Top Tourist Attractions in Suriname

There are more than a handful of top tourist attractions in Suriname. Each is unique but together, they reflect three different aspect of Suriname: rich colonial heritage, inborn beauty, and a vibrant culture. No matter where you are in the country, you are bound to bump into more than one of these tourist spots. Suriname is on the northern coast of South American to the east of Venezuela.

View from the Voltzberg in the Central Suriname Nature Reserve

View from the Voltzberg in the Central Suriname Nature Reserve

Nearly one third of Suriname comprises of nature reserves. They serve to protect local flora and fauna. Of the seven nature reserves in the country, Galibi is one of the most popular. It is the nesting site of several species of turtles including endangered ones. The green sea turtle, leatherback, and olive ridley are three types of turtles that can be spotted at the Galibi Nature Reserve. The hawksbill, another kind of turtle, nests in fewer numbers.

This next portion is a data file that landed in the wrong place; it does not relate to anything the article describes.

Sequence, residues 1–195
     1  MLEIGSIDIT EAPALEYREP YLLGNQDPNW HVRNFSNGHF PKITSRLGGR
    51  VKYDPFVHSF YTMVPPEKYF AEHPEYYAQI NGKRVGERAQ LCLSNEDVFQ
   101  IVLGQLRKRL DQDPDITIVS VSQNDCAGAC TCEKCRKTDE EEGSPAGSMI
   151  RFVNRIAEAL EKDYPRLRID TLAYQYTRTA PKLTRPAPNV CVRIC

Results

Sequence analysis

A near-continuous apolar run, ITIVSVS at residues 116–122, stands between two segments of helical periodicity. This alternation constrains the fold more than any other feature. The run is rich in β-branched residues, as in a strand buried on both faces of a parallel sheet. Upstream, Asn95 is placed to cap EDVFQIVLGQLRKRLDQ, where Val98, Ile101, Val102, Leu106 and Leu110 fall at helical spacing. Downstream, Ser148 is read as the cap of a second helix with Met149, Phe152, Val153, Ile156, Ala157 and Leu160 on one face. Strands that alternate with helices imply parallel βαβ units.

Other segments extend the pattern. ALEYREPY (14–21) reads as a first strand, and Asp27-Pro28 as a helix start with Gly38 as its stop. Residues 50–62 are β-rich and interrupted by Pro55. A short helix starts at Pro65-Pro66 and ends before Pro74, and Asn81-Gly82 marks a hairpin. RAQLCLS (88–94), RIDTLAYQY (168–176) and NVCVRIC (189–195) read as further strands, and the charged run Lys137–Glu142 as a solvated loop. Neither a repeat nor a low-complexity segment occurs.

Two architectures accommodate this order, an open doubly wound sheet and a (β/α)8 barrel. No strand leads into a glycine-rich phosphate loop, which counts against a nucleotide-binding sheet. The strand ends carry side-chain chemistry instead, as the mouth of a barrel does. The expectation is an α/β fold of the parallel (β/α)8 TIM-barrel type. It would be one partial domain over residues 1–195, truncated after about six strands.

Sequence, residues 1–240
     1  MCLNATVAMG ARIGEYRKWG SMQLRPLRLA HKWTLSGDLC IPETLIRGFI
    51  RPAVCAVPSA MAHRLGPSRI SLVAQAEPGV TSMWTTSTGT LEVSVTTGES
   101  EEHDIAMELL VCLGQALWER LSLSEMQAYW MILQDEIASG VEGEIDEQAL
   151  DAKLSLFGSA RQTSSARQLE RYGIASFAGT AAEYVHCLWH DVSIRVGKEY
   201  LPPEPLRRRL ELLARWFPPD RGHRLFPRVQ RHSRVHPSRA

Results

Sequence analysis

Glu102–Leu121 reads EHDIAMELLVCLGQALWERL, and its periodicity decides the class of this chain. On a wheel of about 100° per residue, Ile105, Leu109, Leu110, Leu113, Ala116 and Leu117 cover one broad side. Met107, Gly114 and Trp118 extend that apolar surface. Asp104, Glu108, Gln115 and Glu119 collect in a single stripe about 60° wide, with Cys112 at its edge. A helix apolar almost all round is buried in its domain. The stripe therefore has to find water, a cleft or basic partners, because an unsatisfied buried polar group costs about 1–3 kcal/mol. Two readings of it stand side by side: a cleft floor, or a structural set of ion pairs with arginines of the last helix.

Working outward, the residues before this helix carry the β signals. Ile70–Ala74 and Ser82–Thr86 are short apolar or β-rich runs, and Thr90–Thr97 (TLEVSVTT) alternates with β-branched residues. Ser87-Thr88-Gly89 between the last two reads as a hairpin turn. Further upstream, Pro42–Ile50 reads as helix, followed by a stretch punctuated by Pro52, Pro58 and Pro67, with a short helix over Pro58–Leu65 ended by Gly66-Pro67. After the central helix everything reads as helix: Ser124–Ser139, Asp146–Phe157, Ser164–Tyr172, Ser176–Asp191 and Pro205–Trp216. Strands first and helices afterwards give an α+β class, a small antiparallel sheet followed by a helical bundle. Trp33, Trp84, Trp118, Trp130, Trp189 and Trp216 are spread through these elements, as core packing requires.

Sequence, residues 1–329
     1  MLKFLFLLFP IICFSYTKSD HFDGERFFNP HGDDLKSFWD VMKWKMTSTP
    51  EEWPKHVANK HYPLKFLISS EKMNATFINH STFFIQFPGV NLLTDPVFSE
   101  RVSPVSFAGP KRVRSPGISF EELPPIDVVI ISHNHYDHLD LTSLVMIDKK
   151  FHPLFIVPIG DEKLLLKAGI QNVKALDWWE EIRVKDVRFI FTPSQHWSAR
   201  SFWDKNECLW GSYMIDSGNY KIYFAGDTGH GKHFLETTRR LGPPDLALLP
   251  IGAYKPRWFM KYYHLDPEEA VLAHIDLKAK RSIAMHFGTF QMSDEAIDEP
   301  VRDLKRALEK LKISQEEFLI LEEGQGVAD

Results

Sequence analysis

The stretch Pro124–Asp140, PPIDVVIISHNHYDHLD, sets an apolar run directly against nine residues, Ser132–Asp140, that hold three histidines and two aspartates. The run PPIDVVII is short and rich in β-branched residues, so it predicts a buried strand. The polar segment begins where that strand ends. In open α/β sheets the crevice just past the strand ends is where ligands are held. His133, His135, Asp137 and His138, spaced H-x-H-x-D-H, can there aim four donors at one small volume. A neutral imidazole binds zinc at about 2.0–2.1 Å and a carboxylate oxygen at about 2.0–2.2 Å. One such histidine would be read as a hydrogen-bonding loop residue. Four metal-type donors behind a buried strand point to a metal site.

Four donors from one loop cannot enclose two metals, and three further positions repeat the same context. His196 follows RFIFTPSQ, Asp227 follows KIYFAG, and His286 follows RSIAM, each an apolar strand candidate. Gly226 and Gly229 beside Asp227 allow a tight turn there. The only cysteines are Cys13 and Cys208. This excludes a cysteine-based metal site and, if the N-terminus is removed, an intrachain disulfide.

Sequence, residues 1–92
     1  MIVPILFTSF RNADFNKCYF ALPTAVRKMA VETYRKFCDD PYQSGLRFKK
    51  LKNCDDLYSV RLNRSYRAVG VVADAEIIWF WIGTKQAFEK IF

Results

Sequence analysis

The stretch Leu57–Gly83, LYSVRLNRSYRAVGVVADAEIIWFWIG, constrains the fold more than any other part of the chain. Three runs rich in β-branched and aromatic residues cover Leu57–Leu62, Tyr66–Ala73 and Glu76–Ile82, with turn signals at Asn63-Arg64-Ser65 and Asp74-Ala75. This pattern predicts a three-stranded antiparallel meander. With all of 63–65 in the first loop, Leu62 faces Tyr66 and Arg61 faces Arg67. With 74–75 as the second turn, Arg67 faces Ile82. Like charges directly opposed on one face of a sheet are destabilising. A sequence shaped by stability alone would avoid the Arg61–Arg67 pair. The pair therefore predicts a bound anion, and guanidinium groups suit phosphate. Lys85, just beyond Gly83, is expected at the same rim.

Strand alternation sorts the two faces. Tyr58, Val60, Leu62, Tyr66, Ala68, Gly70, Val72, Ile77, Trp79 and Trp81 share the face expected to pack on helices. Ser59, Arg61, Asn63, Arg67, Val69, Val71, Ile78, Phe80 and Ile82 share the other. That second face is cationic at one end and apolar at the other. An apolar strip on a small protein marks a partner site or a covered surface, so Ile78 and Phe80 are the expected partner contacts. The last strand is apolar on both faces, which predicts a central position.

The Central Suriname Nature Reserve remains to be the most popular however. More than 1.6 million hectares of forest are under its care. It encompasses the Raleighvallen, Tafelberg, and Eilerts de Hann Gebergte Nature Reserves, featuring great diversity in both wildlife and vegetation. Hundreds of animal and plant species thrive here but two of its most popular attractions are Mount Voltzberg and Releigh Falls.

Completely wooden interior of Saint Peter and Paul Cathedral

Completely wooden interior of Saint Peter and Paul Cathedral

The historic center of Paramaribo is one of the top tourist attractions in Suriname. The UNESCO World Heritage Site features remarkable colonial architecture. Also within the city is the Saint Peter and Paul Cathedral, the largest wooden structure in all of South America. Former coffee and sugar plantations like End of Rest, Rarely Rest, and Struggle Jacobs must also be on your list if you wish to see architectural examples of colonial times. Many of these plantations have been renovated with some of them currently used in producing coffee and dry shrimp. The best way to get around former plantations would be through a bike ride.

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